Comparison of the three indigenous groups.
When Christopher Columbus voyaged to the Caribbean, there were groups of people living there. These people were known as the indigenous people. They are separated into three groups, the Tainos, the Kalinagos and the Mayans. The Kalinagos and Tainos, also known as Caribs and Arawaks respectively, are called the Amerindians. Although they all lived in the Caribbean, they had different economic, social and religious practices. Their ways of living were different but there were some similarities, and they were also even more advanced than others with technology and architecture.
The Tainos also known as the Arawaks were the largest of the three indigenous groups, however there settlements were smaller than that of the Mayans and widespread. They had bronze-coloured skin, average stature, dark, flowing, curse hair and large, slightly oblique dark eyes. They were generally naked, unmarried women went naked, married ones wore a flap over their genitals (the length of the flap determined their rank). They settled in Cuba, Jamaica, Bahamas, Hispaniola, Puerto Rico, The Lesser Antilles (before they were chased out by the Kalinagos) and The Virgin Islands. Their chief, who was known as the Cacique, lived in large rectangular buildings, whereas commoners lived in circular buildings. They settled on mountains to see when the war-like Kalinagos were coming or near rivers and creeks to escape from them easily. Their households contained extended families. The Tainos however, did not practice polygamy. They used a cultivation method called conuco with their agriculture. Conuco is a form of agriculture based on mounds of earth and dug drains, which prevented erosion in the fields and improved drainage to help their crops grow. Their main crop was cassava, they hunted, gathered and fished for their food, and they also traded on a small scale. Their political hierarchy was separated into four levels, cacique (the chief), naborias...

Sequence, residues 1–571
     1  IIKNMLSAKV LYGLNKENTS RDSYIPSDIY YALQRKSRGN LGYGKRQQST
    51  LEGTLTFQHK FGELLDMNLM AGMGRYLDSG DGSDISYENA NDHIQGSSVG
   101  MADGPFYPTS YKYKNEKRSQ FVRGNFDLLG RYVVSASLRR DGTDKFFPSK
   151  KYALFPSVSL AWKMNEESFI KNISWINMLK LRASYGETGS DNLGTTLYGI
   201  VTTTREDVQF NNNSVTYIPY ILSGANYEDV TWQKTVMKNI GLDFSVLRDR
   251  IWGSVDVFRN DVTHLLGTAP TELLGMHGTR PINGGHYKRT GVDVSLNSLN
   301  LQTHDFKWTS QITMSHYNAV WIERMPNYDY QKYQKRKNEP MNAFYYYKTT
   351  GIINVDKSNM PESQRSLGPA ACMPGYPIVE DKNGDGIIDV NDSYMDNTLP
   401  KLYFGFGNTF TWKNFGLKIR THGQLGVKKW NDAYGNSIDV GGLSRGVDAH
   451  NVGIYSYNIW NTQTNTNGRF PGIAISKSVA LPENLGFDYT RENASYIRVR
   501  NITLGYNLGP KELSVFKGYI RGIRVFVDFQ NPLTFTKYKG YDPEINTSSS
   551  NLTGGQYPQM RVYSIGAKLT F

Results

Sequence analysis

Please join StudyMode to read the full document